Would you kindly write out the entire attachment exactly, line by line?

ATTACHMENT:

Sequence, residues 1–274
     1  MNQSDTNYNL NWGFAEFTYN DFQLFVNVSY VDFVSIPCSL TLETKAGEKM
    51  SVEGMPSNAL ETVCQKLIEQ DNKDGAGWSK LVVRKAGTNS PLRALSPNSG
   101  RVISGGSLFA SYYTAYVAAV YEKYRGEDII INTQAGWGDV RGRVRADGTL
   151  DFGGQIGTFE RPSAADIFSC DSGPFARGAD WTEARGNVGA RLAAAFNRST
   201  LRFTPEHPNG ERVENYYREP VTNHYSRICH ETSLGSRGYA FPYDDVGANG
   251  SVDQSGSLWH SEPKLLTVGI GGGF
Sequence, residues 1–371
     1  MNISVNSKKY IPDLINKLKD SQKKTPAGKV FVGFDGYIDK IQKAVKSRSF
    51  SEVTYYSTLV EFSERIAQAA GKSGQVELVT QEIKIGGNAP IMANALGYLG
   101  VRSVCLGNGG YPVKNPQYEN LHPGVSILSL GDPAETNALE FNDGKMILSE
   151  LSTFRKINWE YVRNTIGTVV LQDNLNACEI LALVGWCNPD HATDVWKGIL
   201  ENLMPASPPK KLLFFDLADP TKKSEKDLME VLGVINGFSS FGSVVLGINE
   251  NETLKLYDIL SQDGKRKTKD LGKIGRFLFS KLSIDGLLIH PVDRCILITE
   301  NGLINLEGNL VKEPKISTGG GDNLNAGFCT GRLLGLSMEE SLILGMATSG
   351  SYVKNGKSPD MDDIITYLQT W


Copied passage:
Sequence, residues 1–274
     1  MNQSDTNYNL NWGFAEFTYN DFQLFVNVSY VDFVSIPCSL TLETKAGEKM
    51  SVEGMPSNAL ETVCQKLIEQ DNKDGAGWSK LVVRKAGTNS PLRALSPNSG
   101  RVISGGSLFA SYYTAYVAAV YEKYRGEDII INTQAGWGDV RGRVRADGTL
   151  DFGGQIGTFE RPSAADIFSC DSGPFARGAD WTEARGNVGA RLAAAFNRST
   201  LRFTPEHPNG ERVENYYREP VTNHYSRICH ETSLGSRGYA FPYDDVGANG
   251  SVDQSGSLWH SEPKLLTVGI GGGF
Sequence, residues 1–371
     1  MNISVNSKKY IPDLINKLKD SQKKTPAGKV FVGFDGYIDK IQKAVKSRSF
    51  SEVTYYSTLV EFSERIAQAA GKSGQVELVT QEIKIGGNAP IMANALGYLG
   101  VRSVCLGNGG YPVKNPQYEN LHPGVSILSL GDPAETNALE FNDGKMILSE
   151  LSTFRKINWE YVRNTIGTVV LQDNLNACEI LALVGWCNPD HATDVWKGIL
   201  ENLMPASPPK KLLFFDLADP TKKSEKDLME VLGVINGFSS FGSVVLGINE
   251  NETLKLYDIL SQDGKRKTKD LGKIGRFLFS KLSIDGLLIH PVDRCILITE
   301  NGLINLEGNL VKEPKISTGG GDNLNAGFCT GRLLGLSMEE SLILGMATSG
   351  SYVKNGKSPD MDDIITYLQT W